Little Tony’s brings diner food to Stadium Village

The owner of the new restaurant has family ties to a number of other campus-area eateries.

Little Tony's

Ian Larson

Little Tony’s

Katherine Lymn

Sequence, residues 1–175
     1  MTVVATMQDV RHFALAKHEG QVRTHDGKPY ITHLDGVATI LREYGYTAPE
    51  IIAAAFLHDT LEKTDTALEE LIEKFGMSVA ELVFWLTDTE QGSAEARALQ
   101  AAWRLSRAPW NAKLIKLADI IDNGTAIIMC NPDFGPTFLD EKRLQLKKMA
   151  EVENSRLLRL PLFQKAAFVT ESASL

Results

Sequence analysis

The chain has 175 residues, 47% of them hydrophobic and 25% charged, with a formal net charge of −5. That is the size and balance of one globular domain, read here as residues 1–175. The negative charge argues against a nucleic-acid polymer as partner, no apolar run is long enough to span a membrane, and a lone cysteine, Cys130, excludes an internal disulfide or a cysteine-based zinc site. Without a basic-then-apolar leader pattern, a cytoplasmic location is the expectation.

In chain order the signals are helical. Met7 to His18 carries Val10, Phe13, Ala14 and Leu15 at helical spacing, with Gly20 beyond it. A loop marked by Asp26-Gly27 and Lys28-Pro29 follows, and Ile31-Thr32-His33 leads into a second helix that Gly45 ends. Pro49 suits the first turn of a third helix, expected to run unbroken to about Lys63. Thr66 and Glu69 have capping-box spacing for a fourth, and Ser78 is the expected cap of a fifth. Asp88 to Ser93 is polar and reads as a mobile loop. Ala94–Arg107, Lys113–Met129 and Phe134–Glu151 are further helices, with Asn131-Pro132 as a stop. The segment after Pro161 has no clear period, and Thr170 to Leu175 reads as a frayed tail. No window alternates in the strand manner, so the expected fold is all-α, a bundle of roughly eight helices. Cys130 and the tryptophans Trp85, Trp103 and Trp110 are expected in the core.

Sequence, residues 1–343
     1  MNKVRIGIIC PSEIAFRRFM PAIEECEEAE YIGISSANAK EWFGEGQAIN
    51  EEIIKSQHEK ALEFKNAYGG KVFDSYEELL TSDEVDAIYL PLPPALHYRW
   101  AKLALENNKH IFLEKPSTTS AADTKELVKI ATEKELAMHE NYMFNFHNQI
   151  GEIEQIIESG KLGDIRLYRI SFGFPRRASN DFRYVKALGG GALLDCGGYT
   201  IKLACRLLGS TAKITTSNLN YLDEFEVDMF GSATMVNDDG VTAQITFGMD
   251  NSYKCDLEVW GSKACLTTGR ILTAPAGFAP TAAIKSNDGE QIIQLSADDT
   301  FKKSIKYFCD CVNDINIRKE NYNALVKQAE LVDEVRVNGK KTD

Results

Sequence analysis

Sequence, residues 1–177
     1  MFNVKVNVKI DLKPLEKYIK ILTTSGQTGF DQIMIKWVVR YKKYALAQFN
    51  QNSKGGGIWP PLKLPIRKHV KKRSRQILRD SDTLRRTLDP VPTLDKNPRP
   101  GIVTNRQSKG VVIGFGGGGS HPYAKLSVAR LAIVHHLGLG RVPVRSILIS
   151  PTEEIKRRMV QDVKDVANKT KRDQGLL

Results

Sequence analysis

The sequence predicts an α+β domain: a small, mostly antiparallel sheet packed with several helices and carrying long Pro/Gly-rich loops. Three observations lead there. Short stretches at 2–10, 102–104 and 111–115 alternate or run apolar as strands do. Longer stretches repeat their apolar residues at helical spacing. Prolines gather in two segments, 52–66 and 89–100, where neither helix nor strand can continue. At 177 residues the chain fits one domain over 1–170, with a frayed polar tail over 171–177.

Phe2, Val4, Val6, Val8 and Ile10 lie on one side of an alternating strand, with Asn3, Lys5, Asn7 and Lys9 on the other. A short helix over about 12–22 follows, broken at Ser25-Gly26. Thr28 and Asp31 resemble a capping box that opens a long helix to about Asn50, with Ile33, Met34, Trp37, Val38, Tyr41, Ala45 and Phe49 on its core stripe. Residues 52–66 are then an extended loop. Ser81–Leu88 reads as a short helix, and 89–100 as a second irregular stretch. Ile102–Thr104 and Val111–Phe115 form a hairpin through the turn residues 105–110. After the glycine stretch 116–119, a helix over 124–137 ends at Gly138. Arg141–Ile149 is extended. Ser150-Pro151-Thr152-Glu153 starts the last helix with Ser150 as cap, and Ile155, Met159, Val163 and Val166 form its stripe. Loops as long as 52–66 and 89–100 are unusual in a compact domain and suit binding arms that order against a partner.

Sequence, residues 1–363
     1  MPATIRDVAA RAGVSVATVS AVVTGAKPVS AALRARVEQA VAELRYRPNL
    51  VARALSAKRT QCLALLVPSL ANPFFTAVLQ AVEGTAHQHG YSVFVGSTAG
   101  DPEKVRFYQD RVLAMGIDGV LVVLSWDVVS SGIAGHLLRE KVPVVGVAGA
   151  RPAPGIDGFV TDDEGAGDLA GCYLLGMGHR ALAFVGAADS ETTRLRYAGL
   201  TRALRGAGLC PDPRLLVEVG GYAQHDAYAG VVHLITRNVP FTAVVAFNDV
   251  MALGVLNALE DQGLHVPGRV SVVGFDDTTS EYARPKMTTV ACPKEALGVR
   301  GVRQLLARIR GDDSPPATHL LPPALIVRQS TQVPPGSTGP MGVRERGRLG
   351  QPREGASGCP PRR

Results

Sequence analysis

When Bill Nicklow, 72, tried retiring from the restaurant business a couple years back, it just didnâÄôt work for him. âÄúI got a little bit bored,âÄù said the aged but lively Nicklow, who opened Little TonyâÄôs restaurant at the beginning of February. âÄúIâÄôm glad to be back again,âÄù he said. The small restaurant has a diner-like feel and is located next to Oak Street Cinema at Washington Avenue and Oak Street Southeast. Nicklow said the food is appropriate for the college culture because itâÄôs fast and cheap. âÄúAround here, everybodyâÄôs in a hurry,âÄù he said. The menu is intentionally simple, featuring hot dogs, hamburgers, chicken wraps and homemade cookies. âÄúYou canâÄôt be everything,âÄù he said. âÄúYou have to do what you do best,âÄù Nicklow said. Gyros and pitas also make appearances on the menu, paying homage to NicklowâÄôs home country, Greece. He was born in Thisvi in 1938 and came to Minneapolis with two brothers and his mother in 1954 after World War II both ravaged their town and took the life of NicklowâÄôs father. âÄúPoverty and hardship brought me to Minneapolis,âÄù Nicklow said. Since that time, however, the family has done well in the United States, where the restaurant business is a family affair. NicklowâÄôs son, Tony, owns TonyâÄôs Diner in Dinkytown, and his two brothers and their sons own Downtime Bar and Grill in the Dinkydome. Tony Nicklow has lent some employees of TonyâÄôs Diner to his fatherâÄôs establishment for the time being, and he said he will assist in other ways if necessary. Currently, two employees run the store with Nicklow, according to Antonio Yshagnei, one of the employees. âÄúWeâÄôre the same family, pretty much the same business,âÄù Tony Nicklow said. âÄúEach of us is there for each other.âÄù Tony Nicklow said he is pleased his father is back in the business. âÄúItâÄôs good for him; it keeps him busy,âÄù he said. The elder Nicklow said that while one benefit is staying busy, he is also glad to be a part of the campus atmosphere âÄî especially with the new stadium, which he said gave him âÄúgoose pimplesâÄù at the first game. Business was slow for Little TonyâÄôs first week. âÄúI was pulling my hair,âÄù Nicklow said. But more customers have stopped by gradually over time, Yshagnei said. âÄúI can see the light in the tunnel,âÄù Nicklow said. He said the restaurant will likely hold a grand opening ceremony in March.